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When did you last visit the optometrist? Perhaps you struggle to read on your phone or maybe the world has slipped out of focus. Whatever prompted the visit, the chances are getting an eyesight test is part of your routine medical care, just like visiting the dentist or getting a medical checkup.
But what about your dog? For one thing, if dogs don't get eyesight issues then couldn't we learn their secret? For another, if they do need glasses and don't get them, then why not?
Can Dogs Get Glasses?
Actually, dogs can and do suffer from poor eyesight, it's just that they don't make a habit of reading or driving so we tend not to know about it. But it's also true that many of the sight issues from which dogs' suffer are different from people problems, and glasses aren't necessarily the answer.
Let's take a closer look at the options available to focus our dog's attention.
Does My Dog Need Glasses?
How on earth do you get a dog to read an eye chart?
Perhaps you could change the letters to 'bones' and teach the dog to bark out the number of bones they see. Crazy idea? Yep, can't see this happening.
However, what you can do is be alert for signs of impaired vision. These include:
Dragging behind on a walk
Refusal to move in unfamiliar surroundings
Out of character snappiness when touched unexpectedly
Bumping into objects in their path
Large dilated pupils that don't get smaller in bright light
In addition, there is an argument that all dogs who spend time outdoors, should wear doggy sunglasses. This is because UV exposure is just as damaging to a dog's retina as to a human's.
How Do I Correct My Dog's Eyesight?
Key to correcting eyesight problems is identifying the root cause. Where treatments are available, this can help slow deterioration and preserve existing eyesight.
Glaucoma: This is an increase of pressure within the eyeball. It compresses the retina, which damages it and impairs vision.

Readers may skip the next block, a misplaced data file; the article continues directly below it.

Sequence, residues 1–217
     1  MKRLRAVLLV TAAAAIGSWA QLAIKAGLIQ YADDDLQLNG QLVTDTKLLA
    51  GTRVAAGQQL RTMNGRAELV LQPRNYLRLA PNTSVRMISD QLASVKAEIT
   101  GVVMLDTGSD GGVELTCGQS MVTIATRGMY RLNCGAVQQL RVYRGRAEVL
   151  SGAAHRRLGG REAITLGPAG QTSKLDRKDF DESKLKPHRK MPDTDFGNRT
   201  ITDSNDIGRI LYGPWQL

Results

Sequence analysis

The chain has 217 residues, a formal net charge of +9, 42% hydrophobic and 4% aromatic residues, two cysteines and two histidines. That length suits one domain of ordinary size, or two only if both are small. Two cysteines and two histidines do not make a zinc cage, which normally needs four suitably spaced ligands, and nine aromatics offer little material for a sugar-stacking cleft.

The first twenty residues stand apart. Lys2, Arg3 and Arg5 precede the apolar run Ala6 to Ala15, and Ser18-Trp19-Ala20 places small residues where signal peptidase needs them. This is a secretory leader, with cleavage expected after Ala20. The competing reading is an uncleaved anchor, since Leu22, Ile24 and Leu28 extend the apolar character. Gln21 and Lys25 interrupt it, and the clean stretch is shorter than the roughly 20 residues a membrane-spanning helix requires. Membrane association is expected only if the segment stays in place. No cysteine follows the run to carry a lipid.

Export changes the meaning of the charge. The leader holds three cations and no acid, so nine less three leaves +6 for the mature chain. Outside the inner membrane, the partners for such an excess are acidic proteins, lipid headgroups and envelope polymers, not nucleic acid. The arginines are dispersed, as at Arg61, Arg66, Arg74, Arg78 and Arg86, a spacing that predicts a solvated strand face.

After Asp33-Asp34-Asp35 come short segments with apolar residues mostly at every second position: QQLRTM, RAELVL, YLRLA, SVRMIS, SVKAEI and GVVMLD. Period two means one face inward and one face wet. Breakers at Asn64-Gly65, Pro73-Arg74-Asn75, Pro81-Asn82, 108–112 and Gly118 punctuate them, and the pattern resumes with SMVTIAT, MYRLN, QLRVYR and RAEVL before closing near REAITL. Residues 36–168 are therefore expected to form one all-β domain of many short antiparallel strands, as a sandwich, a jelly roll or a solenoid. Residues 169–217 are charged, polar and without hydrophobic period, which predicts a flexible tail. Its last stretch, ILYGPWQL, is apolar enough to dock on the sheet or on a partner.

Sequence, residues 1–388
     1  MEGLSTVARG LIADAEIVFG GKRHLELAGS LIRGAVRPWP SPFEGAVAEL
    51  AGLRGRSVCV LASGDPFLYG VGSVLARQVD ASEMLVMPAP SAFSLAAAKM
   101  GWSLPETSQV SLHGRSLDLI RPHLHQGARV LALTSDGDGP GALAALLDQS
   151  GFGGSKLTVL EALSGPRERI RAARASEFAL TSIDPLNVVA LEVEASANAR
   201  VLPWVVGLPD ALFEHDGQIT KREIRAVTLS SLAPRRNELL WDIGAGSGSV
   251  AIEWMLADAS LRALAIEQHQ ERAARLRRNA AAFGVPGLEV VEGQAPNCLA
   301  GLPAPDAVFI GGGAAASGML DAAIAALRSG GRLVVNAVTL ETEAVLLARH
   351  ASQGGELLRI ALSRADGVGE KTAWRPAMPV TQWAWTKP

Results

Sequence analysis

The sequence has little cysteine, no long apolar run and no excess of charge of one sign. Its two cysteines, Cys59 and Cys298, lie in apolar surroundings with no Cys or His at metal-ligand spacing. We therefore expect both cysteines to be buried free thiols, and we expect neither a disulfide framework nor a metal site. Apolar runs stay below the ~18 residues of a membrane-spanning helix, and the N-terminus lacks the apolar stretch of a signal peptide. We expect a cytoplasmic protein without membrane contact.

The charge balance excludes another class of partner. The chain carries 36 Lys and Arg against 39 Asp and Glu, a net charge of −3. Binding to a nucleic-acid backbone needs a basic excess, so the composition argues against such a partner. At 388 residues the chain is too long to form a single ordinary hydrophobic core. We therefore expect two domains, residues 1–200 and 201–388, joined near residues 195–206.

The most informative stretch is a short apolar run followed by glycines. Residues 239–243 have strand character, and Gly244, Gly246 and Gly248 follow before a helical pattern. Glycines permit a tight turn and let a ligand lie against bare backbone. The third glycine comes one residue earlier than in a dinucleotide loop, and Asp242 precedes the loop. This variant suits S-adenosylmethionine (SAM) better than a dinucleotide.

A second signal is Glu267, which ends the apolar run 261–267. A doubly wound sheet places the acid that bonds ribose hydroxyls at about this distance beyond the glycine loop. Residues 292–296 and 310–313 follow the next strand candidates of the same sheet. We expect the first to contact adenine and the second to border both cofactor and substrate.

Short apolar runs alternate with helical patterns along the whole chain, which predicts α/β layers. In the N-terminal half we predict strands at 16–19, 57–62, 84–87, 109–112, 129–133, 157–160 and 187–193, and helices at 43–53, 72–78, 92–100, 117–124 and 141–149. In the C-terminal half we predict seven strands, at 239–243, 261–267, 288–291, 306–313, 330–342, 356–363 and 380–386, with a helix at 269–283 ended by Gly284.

Cataracts: The lens should be transparent so light passes through to the back chamber of the eye. Cataracts are a cloudiness of the lens, which stops light reaching the light sensitive layers.
Retinopathy: Sadly, many dog breeds have hereditary diseases that lead to the early death of the all-important light-sensitive layer, the retina.
High Blood Pressure: Hypertension causes the retina to lift away from the back of the eye, causing blindness.
Be alert for changes in your dog's habits, such as increased thirst, and see your vet. They can identify underlying problems such as diabetes or Cushing's disease, which can impact eyesight. In addition, to test the dog's eyesight, veterinary ophthalmological specialists use a similar technique to that used in children who are too young to speak.
How is Poor Eyesight Similar in Dogs and Humans?
Loss of vision or poor eyesight makes a dog less able to cope in places that aren't familiar to them. Indeed, it's often when an owner goes on a new walk and the dog freezes and refuses to move forward, that they first become aware there is an issue.
The commonest reason for a dog to wear prescription glasses is after a cataract has been surgically removed. The surgeon may implant a replacement lens, but if this isn't possible, then corrective doggy glasses can help correct their extreme long-sightedness… and help them find those treats and biscuits a bit more easily.
How is Poor Eyesight Different in Dogs and Humans?
To start with, a dog's normal eyesight is less pin-sharp than a person's. Meaning, if a dog held a driver's license, even with 'normal' doggy vision they'd need corrective spectacles.
It also matters that people have poor eyesight for different reasons than dogs. Human sight problems are often the result of poor lens accommodation or odd-shaped eyeballs, which are easily correctable with spectacles.
Dogs, however, are more likely to suffer from inherited degenerative conditions of the retina, glaucoma, or cataracts. Another key difference is that dogs adjust super-well to poor eyesight. Their already acute sense of smell, touch, and hearing take on extra duties, which enables the dog to navigate seamlessly around a familiar place or walk, and so they are arguably less dependant on good vision to get around.
A diabetic dog had developed cataracts as a complication of their condition. With the diabetes now stabilized, the dog is referred to a specialist for cataract removal. However, after surgery, the dog still struggles when taken on new walks.
Using a similar device to human optometrists, the veterinary ophthalmologist assesses the dog's refractive index and issues a pair of corrective doggy goggles. Now the dog's vision is vastly improved and he is able to once more enjoy a game of ball to the full. Happy days!